Here’s Why You Should Stop Charging Your Phone in Your Car
Odds are, you do it every day!
The Problem with Charging Your Phone in Your Car
Whether you’re on a long road trip or stuck in traffic during a daily commute, a low iPhone battery could spell disaster for the bored driver. At first, it may seem harmless to plug your phone into your car’s USB port. But unless you’re desperate, charging your iPhone during your commute might be a big mistake. (And by the way, here are nine things you should never leave in the car.)
Why? For starters, the USB port in your vehicle probably provides less electricity than your phone really needs to charge. As a result, your phone might stall while it charges, or worse—barely charge at all.
“Many people may notice that on their commute home from work their phone charged very little (if at all) during their 30 to 60 minute commute,” Brad Nichols, a technician at Staymobile, told Reader’s Digest. “This is mostly due to the fact the phone is using more power than the car charger is supplying it.”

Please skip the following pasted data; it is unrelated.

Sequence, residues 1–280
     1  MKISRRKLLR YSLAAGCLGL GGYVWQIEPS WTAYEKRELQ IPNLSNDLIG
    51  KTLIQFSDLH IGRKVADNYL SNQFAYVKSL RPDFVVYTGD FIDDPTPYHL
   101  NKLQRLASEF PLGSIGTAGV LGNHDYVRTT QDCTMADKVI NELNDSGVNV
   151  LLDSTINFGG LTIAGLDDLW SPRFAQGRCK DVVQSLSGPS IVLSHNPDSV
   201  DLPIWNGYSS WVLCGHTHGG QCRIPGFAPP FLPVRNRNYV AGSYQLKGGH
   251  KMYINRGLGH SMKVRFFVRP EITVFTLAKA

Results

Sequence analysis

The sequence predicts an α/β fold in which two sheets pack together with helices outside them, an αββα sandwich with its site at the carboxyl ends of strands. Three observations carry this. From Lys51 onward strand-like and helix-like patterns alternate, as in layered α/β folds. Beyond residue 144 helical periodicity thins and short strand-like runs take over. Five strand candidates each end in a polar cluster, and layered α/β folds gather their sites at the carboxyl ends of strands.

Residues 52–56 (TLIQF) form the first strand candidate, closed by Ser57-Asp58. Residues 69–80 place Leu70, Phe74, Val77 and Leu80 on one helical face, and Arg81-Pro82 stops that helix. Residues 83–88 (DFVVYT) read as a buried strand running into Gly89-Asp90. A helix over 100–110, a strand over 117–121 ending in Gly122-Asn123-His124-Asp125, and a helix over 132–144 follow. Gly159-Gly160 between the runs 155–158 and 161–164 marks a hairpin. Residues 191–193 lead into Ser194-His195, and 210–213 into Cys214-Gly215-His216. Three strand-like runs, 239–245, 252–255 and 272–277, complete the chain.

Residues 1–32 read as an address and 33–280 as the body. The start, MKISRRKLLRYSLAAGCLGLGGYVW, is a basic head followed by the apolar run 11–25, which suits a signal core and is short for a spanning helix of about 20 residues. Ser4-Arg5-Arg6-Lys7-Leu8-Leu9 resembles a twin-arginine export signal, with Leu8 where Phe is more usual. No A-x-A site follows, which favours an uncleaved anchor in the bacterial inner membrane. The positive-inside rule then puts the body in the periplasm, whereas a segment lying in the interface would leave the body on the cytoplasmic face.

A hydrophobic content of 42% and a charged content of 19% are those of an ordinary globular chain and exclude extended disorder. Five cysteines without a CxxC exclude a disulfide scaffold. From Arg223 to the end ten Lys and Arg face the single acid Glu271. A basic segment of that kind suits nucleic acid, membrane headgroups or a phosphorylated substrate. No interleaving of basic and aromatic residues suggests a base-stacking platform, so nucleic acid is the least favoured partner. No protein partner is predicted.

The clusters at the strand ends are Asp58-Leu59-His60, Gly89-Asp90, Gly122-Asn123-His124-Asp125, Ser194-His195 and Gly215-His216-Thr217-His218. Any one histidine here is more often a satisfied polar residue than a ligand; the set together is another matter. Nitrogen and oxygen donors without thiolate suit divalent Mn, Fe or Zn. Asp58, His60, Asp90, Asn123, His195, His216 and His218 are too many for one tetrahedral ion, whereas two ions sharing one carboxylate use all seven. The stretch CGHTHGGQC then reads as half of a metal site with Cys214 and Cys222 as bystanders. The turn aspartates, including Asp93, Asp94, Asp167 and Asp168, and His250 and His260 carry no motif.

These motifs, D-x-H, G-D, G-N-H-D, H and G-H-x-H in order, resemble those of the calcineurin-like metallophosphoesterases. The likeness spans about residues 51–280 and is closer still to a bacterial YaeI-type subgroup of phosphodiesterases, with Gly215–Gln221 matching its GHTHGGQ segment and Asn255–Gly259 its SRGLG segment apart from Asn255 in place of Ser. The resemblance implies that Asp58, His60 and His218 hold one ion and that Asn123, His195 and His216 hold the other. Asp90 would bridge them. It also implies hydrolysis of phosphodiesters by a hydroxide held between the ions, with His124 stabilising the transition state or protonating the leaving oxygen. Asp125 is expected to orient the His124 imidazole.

Nichols also says that your phone could receive too much power, especially if you’re using a “Cigarette Lighter” port to charge up. Most Cigarette Lighters can supply up to 10 amps, while most chargers use one to three amps. A malfunctioning or damaged charger can provide inconsistent power to the device, resulting in sudden spikes or surges that could cause overheating, damage to the internal components, or on the rare occasion, destroy the device.
Charging your phone while on the road could drain your car’s battery, too. If you leave your car running on “accessory”—where your engine is off, but you still use the radio—the device will draw power from your car’s battery as it charges. This usually isn’t a big deal for those who own new cars with healthy batteries, Nichols says. But if your car is an older model, you might want to avoid charging your phone through its USB port. (If you own one of these 10 cars, it’s way more likely to get stolen.)
Most importantly, it’s not safe to use your phone while operating a vehicle. “Anytime a person’s hands leave the wheel or eyes leave the road, it becomes incredibly dangerous for them and the other people around them,” Nichols says. (These seven tricks will help you stop texting and driving once and for all.) Bottom line: Play it safe, and wait until you get home to plug in.